Nisan 1 is the Biblical New Years Day, the start of the month of the Exodus from Egypt and the beginning of Jewish national history. It is also the first month used for counting the festivals (mo’edim) of the Hebrew Calendar and for reckoning the years of reign of the Kings of Israel.
The Hebrew calendar ( ha’luach ha’ivri) or Biblical calendar is a lunisolar calendar. A lunisolar calendar is a calendar in many cultures whose date indicates both the moon phase and the time of the solar year. Lunisolar calendars use months to approximate the tropical year. Since 12 months are about 11 days shorter than the tropical year, a leap month is inserted about every third year to keep the calendar in tune with the seasons.
The Jewish calendar has the following months:
|Cheshvan||8||29 or 30 days||October-November|
|Kislev||9||30 or 29 days||November-December|
|Adar I (leap years only)||12||30 days||February-March|
(called Adar Beit in leap years)
(13 in leap years)
The length of Cheshvan and Kislev are determined by complex calculations involving the time of day of the full moon of the following year’s Tishri and the day of the week that Tishri would occur in the following year.
According to our Creator, when does the day actually begin and end?
|Gen 1:5||And God called the light Day, and the darkness he called Night. And the evening and the morning were the first day.|
|Gen 1:8||And God called the firmament Heaven. And the evening and the morning were the second day.|
|Gen 1:13||And the evening and the morning were the third day.|
|Gen 1:19||And the evening and the morning were the fourth day.|
|Gen 1:23||And the evening and the morning were the fifth day.|
|Gen 1:31||And God saw every thing that he had made, and, behold, it was very good. And the evening and the morning were the sixth day.|
What have we found here in the creation account? Each individual day consists of “evening and morning,” and in that order – first the “evening,” then the “morning.” Thus, it is clear that God designates evening as the beginning of the day. This fact is reinforced in Leviticus 23, where God explicitly bounds the sacred 10th day of the seventh month:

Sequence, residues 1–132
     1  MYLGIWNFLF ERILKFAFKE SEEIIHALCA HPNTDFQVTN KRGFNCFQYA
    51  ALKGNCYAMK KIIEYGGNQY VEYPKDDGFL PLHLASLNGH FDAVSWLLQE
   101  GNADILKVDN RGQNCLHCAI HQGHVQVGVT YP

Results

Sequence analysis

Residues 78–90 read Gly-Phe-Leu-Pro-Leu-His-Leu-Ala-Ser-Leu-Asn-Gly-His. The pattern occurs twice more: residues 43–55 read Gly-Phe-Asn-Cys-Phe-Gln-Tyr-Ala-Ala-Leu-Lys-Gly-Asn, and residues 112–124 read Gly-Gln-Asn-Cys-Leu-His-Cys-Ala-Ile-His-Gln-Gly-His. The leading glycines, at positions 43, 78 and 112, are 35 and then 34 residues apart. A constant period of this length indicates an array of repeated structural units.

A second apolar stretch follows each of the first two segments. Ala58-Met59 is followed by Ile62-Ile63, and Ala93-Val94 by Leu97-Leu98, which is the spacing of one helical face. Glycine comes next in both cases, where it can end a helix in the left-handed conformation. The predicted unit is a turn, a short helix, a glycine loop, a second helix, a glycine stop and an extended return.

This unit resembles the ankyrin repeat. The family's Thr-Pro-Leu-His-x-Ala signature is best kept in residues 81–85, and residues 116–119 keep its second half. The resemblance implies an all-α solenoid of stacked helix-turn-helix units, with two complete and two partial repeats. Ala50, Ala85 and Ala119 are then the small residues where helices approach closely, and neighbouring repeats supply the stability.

|Lev 23:27||Also on the tenth day of this seventh month there shall be a day of atonement: it shall be an holy convocation unto you; and ye shall afflict your souls, and offer an offering made by fire unto the LORD.|
|Lev 23:32||It shall be unto you a sabbath of rest, and ye shall afflict your souls: in the ninth day of the month at even, from even unto even, shall ye celebrate your sabbath.|
As is illustrated in the verses above, the 10th of the month begins at the precise point when the 9th of the month ends – “at evening.” The 10th of the month is reckoned “from evening until evening.”
God made the heavenly lights for signs, for appointed times, for days, and for
|Gen 1:14||And God said, Let there be lights in the firmament of the heaven to divide the day from the night; and let them be for signs, and for seasons, and for days, and years:|
|Gen 1:15||And let them be for lights in the firmament of the heaven to give light upon the earth: and it was so.|
|Gen 1:16||And God made two great lights; the greater light to rule the day, and the lesser light to rule the night: he made the stars also.|
|Lev 23:23||And the LORD spake unto Moses, saying,|
|Lev 23:24||Speak unto the children of Israel, saying, In the seventh month, in the first day of the month, shall ye have a sabbath, a memorial of blowing of trumpets, an holy convocation.|
|Lev 23:25||Ye shall do no servile work therein: but ye shall offer an offering made by fire unto the LORD.|